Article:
The report by Bateman and Gritten opens:
Israeli troops have killed at least 11 Palestinians and wounded dozens more during a raid in the occupied West Bank, Palestinian health officials say.
Explosions and gunfire sounded as troops entered the old city of Nablus on Wednesday morning, sparking armed clashes with Palestinian gunmen.
The Israeli military said it killed three wanted militants holed up inside a house who refused to surrender.
Several of those killed outside were civilians, including two elderly men.
The BBC’s report makes no attempt to determine whether or not any of those killed were in fact shot by Palestinian terrorists.
Readers then find a list of names provided by the Palestinian Authority (PA) health ministry:
The Palestinian health ministry said 72-year-old Adnan Saabe Baara was one of them. Video footage purportedly showed his body in a street next to bags of bread, in what is usually a busy market area.
A 61-year-old man, Abdul Hadi Ashqar, and a 16-year-old boy, Mohammad Shaaban, were also shot dead, the ministry said.
Another elderly man, Anan Shawkat Annab, 66, who suffered from tear-gas inhalation, died in hospital on Wednesday evening.
Only then are readers informed that over half of those killed were terrorists:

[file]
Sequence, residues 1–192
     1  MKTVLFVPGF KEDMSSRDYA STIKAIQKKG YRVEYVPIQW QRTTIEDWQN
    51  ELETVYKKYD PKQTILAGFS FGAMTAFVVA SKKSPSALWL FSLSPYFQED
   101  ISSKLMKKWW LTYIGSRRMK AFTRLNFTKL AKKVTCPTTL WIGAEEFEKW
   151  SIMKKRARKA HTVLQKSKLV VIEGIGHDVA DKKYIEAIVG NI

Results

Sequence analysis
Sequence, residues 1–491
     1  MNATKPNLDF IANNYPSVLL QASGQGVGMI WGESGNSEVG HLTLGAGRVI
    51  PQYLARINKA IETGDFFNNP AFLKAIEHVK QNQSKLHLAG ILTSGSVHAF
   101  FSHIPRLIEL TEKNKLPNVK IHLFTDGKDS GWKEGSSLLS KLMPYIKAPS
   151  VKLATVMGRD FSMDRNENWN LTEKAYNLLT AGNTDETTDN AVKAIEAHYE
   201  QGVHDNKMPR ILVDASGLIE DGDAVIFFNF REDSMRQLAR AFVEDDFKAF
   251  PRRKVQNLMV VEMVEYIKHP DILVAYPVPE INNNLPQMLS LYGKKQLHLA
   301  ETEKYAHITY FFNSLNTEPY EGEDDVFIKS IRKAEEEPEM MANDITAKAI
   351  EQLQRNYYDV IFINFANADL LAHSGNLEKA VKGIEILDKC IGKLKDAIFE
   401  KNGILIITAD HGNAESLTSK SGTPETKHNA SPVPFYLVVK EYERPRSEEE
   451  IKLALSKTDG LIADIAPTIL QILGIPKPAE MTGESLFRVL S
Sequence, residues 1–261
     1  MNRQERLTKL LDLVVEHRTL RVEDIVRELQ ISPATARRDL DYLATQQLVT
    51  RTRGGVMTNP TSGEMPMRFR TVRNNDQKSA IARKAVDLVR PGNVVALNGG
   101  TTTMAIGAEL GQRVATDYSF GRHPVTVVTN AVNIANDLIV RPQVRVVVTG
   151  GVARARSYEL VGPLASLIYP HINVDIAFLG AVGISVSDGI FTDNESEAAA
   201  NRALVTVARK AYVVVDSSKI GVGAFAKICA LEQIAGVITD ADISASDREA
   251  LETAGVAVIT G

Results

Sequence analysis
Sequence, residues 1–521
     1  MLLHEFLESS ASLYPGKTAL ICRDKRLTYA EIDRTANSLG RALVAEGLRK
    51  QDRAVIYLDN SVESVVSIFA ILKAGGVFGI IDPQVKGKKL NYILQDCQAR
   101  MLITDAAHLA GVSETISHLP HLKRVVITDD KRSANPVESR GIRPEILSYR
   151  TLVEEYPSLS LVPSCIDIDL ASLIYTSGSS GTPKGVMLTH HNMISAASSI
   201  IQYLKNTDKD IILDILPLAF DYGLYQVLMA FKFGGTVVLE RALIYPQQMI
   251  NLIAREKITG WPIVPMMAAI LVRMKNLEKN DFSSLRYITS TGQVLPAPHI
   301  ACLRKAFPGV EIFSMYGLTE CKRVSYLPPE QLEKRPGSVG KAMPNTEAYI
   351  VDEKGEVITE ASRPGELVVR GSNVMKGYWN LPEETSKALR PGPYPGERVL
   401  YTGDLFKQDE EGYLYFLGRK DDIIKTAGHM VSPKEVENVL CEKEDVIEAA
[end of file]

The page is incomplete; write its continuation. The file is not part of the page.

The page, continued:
Six members of the Lions’ Den and other militant groups were killed during the raid, the Lions’ Den said in a Telegram post.
Twelve paragraphs later, the three wanted men are identified, predictably without the use of the words terrorists or terrorism.
Interestingly, the BBC’s report uses the term “suspected” even though one of the terrorists had spoken on camera about the shooting attack last October.
Two of the militants in the encircled building were Muhammad Junaidi, a commander in Palestinian Islamic Jihad, and another senior militant figure, Hussam Isleem.
The IDF said they and the third militant, Walid Dkhail, were suspected of carrying out previous shooting attacks, including one in the West Bank last October that killed an Israeli soldier, and of planning more attacks in the near future. Two other suspects were arrested in Nablus last week.